How India has been Modi-fied

PM Modi has pushed through a slew of big-bang reforms, including the introduction of GST, a reduction in fuel subsidies, and the implementation of an inflation target


PM Narendra Modi also embarked this month on the biggest gamble of his political career through a controversial ban on high-value currency notes. Photo: Reuters
PM Narendra Modi also embarked this month on the biggest gamble of his political career through a controversial ban on high-value currency notes. Photo: Reuters

From digital connectivity to sanitation and child mortality, Prime Minister Narendra Modi’s tenure has impacted day-to-day life for over 1.2 billion people.

Modi has pushed through a slew of big-bang reforms, including the introduction of a goods and service tax, a reduction in fuel subsidies, and the implementation of an inflation target. Modi also embarked this month on the biggest gamble of his political career through a controversial ban on high-value currency notes. India’s biggest crackdown against corruption in almost four decades risks an economic slowdown and a popular backlash.

At the halfway point of his five-year tenure, these charts show how the prime minister has Modi-fied one of the world’s fastest-growing large economies.

Hearth and home

In June of 2015, the Cabinet approved Modi’s ‘Housing for All by 2022’ programme, which aims to rehabilitate urban slums and promote affordable housing.

According to a report from KPMG LLP, the project will likely cost $2 trillion and about 11 crore (110 million) houses—distributed almost equally between urban and rural areas—would need to be developed to fulfil the vision. That equates to about $250 billion to $260 billion annually until 2022, or more than double the annual investments reported in fiscal-year 2014, the report said.

Tackling corruption

A crackdown on rampant corruption remains central to Modi’s national agenda. On 8 November, the prime minister abruptly banned high-denomination bank bills in a controversial move against black market money and bribery.

According to Transparency International, India was placed 76th out of 168 countries on the Corruption Perceptions Index (CPI) in 2015. The country obtained a score of 38 on a scale of 0 (highly corrupt) to 100 (very clean)—the same level as in 2014—alongside Burkina Faso, Brazil and Thailand.

The Basel Anti-Money Laundering (AML) Index indicates that India scored 5.69 in 2016 on a scale of zero, or low risk, to 10, which is considered high risk, marking itself as the 78th most corrupt country among the 149 nations surveyed.

Hygiene and sanitation

Even before he took the top position in the government, Modi emphasized the importance of sanitation so much that his ‘toilet over temple’ mantra in 2013 drew ire from the country’s religious communities.

When Modi assumed office in May 2014, Sarika Saluja, project manager for India at the Singapore-based World Toilet Organization, expected “an affirmative action” in eliminating open defecation.

The Modi government subsequently launched the Swachh Bharat (Clean India) Mission in October of 2014, and set an aim of building 110 million toilets by 2019.

“People feel that there’s need for toilets but find it difficult and expensive to build and maintain toilets,” Saluja said in an interview. “But the problem is that people, especially in rural areas, are not aware that the government pays 100% for that. So the first step is to let people know.”

The ministry of drinking water and sanitation posted on its website that almost 28 million toilets have been built since the start of the project including 10.4 million as of Tuesday in the financial year of 2016-2017 .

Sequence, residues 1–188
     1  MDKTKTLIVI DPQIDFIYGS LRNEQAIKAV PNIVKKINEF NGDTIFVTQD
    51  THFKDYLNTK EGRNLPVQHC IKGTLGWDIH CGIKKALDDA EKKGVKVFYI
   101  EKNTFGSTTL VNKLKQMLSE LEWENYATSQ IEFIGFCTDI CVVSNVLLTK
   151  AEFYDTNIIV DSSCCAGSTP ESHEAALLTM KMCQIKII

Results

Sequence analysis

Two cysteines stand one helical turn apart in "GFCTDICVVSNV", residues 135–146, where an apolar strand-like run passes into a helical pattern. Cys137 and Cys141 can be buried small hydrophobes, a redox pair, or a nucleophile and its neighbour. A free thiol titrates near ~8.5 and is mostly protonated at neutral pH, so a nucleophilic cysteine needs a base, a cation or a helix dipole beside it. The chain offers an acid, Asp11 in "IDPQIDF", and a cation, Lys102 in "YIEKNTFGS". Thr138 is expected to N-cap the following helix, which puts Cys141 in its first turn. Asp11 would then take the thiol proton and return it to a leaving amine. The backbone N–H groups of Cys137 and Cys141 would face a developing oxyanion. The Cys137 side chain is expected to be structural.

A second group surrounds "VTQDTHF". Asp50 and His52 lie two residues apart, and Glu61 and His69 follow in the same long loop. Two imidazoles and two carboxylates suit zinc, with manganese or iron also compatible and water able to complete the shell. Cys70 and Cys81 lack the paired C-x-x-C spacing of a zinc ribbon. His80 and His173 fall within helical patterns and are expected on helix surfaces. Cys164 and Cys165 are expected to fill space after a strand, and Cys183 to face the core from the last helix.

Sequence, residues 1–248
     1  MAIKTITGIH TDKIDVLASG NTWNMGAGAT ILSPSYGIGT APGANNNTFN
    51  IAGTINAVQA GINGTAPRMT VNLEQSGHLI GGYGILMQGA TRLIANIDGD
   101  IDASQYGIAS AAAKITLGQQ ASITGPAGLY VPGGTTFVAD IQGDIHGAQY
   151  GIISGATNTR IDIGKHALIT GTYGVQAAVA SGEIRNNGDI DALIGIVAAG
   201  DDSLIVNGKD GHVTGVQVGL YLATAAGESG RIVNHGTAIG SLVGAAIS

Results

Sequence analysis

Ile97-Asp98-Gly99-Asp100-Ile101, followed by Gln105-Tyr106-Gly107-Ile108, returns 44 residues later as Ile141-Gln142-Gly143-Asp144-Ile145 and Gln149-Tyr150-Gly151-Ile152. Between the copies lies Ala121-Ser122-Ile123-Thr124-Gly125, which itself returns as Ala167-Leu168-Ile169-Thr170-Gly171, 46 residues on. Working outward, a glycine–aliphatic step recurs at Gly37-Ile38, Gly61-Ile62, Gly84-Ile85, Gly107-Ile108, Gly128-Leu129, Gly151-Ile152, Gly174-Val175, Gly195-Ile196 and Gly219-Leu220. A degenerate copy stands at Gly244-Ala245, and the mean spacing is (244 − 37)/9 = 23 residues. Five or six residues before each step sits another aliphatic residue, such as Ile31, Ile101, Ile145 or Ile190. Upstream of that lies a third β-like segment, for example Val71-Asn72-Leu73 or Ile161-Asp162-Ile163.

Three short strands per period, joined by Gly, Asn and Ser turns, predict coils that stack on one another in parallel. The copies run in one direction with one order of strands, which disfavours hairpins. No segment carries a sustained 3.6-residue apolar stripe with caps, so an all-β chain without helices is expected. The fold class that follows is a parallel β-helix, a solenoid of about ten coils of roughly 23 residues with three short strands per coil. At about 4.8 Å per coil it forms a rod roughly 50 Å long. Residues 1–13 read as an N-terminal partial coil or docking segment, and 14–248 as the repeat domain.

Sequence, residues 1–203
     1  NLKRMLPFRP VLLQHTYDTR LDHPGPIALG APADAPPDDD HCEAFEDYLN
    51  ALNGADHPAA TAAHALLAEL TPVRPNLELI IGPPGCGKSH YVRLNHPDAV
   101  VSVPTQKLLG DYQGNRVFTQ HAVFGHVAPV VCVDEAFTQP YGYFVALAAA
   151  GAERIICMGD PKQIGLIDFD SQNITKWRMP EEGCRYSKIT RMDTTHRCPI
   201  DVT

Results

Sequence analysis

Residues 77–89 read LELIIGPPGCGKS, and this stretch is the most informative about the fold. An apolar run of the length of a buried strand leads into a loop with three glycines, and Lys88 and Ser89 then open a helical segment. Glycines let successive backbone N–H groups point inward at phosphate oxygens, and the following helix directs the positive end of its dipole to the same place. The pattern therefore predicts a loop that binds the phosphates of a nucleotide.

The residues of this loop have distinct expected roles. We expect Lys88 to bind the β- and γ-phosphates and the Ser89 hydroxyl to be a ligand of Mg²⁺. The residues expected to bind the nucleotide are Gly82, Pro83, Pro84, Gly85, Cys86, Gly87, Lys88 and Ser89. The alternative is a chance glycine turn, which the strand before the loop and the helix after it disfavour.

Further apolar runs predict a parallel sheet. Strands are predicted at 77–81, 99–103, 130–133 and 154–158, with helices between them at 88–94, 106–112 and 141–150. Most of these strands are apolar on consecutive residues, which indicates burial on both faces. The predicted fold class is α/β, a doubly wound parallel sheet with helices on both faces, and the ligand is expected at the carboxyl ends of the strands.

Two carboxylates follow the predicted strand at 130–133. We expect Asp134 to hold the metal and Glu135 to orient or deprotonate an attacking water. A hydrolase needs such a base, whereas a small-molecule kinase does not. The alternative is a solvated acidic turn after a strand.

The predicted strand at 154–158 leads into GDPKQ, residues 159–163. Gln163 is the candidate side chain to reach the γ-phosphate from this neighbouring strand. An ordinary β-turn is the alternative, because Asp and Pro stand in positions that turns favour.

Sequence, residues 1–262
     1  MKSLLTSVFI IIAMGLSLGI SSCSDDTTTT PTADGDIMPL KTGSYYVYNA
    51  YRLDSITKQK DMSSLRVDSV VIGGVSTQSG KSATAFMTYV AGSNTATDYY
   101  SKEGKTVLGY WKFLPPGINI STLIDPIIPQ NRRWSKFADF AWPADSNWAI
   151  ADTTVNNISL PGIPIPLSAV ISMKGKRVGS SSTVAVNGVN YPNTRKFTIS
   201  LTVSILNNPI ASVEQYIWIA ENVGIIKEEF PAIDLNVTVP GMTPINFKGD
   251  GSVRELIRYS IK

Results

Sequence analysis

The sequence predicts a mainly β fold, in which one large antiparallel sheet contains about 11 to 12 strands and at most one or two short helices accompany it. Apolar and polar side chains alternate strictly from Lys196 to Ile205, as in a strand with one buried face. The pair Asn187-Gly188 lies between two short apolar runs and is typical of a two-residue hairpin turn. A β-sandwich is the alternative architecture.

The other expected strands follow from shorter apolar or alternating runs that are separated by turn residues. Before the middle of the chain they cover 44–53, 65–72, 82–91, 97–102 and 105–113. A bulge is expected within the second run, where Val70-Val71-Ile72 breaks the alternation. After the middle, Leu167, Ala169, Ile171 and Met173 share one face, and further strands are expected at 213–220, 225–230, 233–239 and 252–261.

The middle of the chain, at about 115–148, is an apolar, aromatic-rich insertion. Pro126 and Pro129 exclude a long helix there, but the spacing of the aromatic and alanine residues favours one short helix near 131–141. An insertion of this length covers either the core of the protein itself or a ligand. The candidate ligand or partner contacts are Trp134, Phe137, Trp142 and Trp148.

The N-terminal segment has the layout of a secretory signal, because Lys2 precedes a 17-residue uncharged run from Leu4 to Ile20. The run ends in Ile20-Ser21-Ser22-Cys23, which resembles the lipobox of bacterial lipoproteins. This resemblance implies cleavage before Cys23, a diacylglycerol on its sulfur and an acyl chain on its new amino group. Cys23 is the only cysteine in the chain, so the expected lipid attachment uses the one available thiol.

“This is not about raising the number of toilets but about achieving the open defecation free status,” added Saluja. “Changing the long-held habit of people is difficult but I think Modi’s on a slow but right track.”

Boosting connectivity

One of Modi’s signature programs is the Smart Cities Mission, which aims to convert 100 cities by 2020 to ‘smart cities’ to boost the quality of life through urbanization.

According to the Telecom Regulatory Authority of India’s annual report, the number of phones per 100 people in India has increased from 75.23 in 2014 to 79.38 in 2015, the latest available data.

Modi has been keen on his ‘Digital India’ initiative, which aims to achieve goals such as providing high-speed Internet in rural villages and offering government services online. Overall wireless subscribers, which includes cell phone services and the like, grew from 904.51 million people in 2014, to 969.9 in 2015. In the rural part of the country, growth was significantly stronger with the number of wireless subscribers jumping from 371.78 million in 2014 to 414.8 million in 2015, according to the Telecom Regulatory Authority.

That growth is expected to accelerate this year with Reliance Jio Infocomm Ltd, the wireless telecom service of Reliance Industries Ltd, launching free service from 5 September to 31 December. The company aims to add 100 million subscribers by the end of 2016.

Reducing preventable deaths

Another key campaign promise of Modi is to put an end to preventable deaths of mothers and children.

Speaking at the Call to Action Summit in New Delhi in August 2015, the prime minister said: “Let us acknowledge the sad reality that the world continues to lose about 289,000 mothers and 6.3 million under-five children every year” and pledged to improve maternal and child health.

According to the World Health Organization, under-five deaths in India have decreased 5.4% and 4.75 year-on-year, respectively, in 2014 and 2015.

While maternal health has also improved for the past few decades, India reported the world’s second highest number of deaths (45,000) in 2015, accounting for 15% after Nigeria’s 19% , said the United Nations in a 2015 report.

Bloomberg

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